Where’s your burqa? What it’s like to be reminded two or three times every day that you’re an outsider

It took me a while to get into it, I’ll be honest. Because what was I looking at? A girl, silent and alone, in front of a blank canvas. And then, alternately: a 6-year-old girl, a teenage girl and an adult woman. Images of interiors and environments that I did not immediately understand. All you see (VPRO) is the name of the documentary that Iranian-Dutch Niki Padidar made about what it is like to always be seen as an outsider. And as said, it takes some patience to understand what she wants to say, but that may be exactly what she means. Her film is a tenderly designed complaint, an elegantly worded grievance.

Even more than the imagery, it was the words that drew me into her story. Sentences like lines of poetry so beautiful. One night, she tells herself, everything changed. Her life as it was was erased. “Only I remember who I used to be.” She leaves open what happened and why, but from then on she was an outsider. Just like the girl, the teenager and the woman, who each express in their own way who they have become in the eyes of others. Stranger, refugee, lost, outsider, different.

You can see in the eyes of six-year-old Sofia how lost she is among the taller classmates who are allowed to give her, the newcomer, tips from the teacher: Put on less warm clothes. Also speak Dutch at home. Be yourself. Use more articles. Don’t mind if people say you don’t speak Dutch well.

She will hear unsolicited advice and uncomfortable questions for the rest of her life, no matter how long she lives in the Netherlands, no matter how well she learns the language. The adult woman, born in Somalia, in the Netherlands for 25 years, sums up the daily comments. Where are you from? How long have you been living in the Netherlands? How well do you speak Dutch. Are you tanning? Become you brown? Have you ever seen snow? And that every winter. The director knows a few himself. Can I help you? You look so exotic. Do you understand me? Are you sure you’re grateful to be here? In the Netherlands we extend our hand on bicycles. The interviewee beeps about: Do you live in a cabin? Did you wash your hair? Wash you your hair? Are you circumcised? Followed by a roaring laugh and the conclusion that it is swallow or choke, or 24/7 a “psychologist on speed dial”.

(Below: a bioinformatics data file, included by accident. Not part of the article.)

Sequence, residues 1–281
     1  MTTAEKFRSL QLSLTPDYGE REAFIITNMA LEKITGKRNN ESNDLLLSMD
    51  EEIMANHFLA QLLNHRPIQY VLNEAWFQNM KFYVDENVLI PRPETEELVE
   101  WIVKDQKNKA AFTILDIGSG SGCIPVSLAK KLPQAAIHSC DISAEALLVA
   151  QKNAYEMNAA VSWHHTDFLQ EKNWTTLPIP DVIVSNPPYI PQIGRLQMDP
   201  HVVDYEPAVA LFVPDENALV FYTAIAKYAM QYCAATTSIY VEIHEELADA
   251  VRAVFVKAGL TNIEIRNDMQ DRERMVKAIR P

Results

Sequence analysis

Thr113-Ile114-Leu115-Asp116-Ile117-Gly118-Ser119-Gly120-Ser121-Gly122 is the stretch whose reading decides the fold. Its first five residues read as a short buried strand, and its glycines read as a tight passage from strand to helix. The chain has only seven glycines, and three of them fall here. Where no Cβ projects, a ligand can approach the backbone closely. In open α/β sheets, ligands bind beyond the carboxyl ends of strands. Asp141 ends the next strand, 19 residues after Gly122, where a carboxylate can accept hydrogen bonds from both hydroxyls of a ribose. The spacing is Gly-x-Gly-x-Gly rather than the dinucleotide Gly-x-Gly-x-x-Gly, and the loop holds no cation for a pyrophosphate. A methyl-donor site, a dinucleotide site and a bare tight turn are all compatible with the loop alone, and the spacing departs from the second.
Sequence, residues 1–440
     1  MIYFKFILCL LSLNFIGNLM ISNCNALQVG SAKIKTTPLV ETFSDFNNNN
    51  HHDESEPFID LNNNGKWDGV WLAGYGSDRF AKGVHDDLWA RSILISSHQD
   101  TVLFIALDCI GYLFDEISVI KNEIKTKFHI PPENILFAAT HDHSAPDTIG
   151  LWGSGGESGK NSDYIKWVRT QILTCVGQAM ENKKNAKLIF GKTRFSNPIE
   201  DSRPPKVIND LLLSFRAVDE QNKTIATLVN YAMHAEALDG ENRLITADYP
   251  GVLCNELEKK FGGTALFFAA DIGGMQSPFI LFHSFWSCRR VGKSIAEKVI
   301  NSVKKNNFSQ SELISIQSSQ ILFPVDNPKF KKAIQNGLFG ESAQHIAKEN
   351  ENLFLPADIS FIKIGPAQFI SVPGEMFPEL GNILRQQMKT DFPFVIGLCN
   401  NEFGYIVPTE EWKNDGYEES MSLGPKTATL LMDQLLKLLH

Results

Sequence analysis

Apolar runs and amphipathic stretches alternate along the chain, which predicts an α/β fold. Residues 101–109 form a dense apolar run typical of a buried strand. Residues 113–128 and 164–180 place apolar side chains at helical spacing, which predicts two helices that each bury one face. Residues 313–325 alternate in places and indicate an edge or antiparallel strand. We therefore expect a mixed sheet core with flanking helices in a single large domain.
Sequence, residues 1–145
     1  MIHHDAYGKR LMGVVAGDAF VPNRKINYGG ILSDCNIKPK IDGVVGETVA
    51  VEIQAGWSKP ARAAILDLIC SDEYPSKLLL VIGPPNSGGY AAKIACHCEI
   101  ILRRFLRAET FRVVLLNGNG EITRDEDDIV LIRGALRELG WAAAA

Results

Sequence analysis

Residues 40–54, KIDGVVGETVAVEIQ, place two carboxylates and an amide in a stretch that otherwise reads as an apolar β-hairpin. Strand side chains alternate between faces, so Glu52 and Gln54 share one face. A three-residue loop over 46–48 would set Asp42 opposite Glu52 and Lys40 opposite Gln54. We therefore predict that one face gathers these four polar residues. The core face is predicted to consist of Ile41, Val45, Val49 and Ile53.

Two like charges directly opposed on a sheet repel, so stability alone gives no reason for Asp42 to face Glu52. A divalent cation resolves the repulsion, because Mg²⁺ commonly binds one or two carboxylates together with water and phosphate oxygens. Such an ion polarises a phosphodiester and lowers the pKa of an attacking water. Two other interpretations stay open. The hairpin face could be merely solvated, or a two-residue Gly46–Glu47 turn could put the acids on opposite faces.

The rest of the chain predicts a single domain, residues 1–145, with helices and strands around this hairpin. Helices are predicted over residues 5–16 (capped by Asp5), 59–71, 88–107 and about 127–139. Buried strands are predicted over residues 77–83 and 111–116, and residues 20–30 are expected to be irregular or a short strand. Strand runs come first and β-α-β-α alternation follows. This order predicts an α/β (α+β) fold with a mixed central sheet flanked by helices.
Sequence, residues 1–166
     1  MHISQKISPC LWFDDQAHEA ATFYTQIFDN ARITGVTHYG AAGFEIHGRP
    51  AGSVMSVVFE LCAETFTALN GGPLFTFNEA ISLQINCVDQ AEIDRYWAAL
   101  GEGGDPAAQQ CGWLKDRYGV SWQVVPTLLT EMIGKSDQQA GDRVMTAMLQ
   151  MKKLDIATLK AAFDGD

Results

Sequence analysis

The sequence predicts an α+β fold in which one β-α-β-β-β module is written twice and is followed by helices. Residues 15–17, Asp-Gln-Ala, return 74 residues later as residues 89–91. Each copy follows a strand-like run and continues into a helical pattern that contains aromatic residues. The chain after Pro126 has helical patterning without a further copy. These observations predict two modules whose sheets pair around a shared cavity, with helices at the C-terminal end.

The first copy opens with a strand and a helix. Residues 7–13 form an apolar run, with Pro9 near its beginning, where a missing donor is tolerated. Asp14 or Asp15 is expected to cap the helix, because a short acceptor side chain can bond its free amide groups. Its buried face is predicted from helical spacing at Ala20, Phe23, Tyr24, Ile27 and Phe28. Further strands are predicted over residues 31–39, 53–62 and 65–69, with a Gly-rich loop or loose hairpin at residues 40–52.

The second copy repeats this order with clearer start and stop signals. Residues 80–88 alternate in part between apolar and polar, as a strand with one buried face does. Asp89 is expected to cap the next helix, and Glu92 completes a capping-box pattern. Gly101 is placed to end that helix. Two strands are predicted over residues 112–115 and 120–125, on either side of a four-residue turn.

In the beep, at the bakery, at Schiphol

Two or three a day, makes 40,000 comments since Niki Padidar has been in the Netherlands (since she was seven). Forty thousand reminders that she is different, an outsider. In the library, at the bakery, when she walks her dog. At Schiphol, when the detection gate gives the green light, but her bag is searched anyway and the question comes again.’ Where are you from?’ ‘No, where are you really from?’ “Iran.” And then the dagger stab: “Where is your burqa?” “I never talk about this,” she says. Too uncomfortable. “Shit.” But worse than the comments themselves, she says, is the “constant denial” that they are made. “The denial makes you lonely.”

Gradually I began to understand the images with the words. They express memory, lack, longing, homesickness for something that is not visible. To parents left behind in a war, family that was killed, pets left behind that died of abandonment, a house that will never be home again.

“Two versions of me have emerged,” says Padidar. One before and one after the flight. People who look at her now only see the newcomer. “I miss someone who knows the girl I also knew.”

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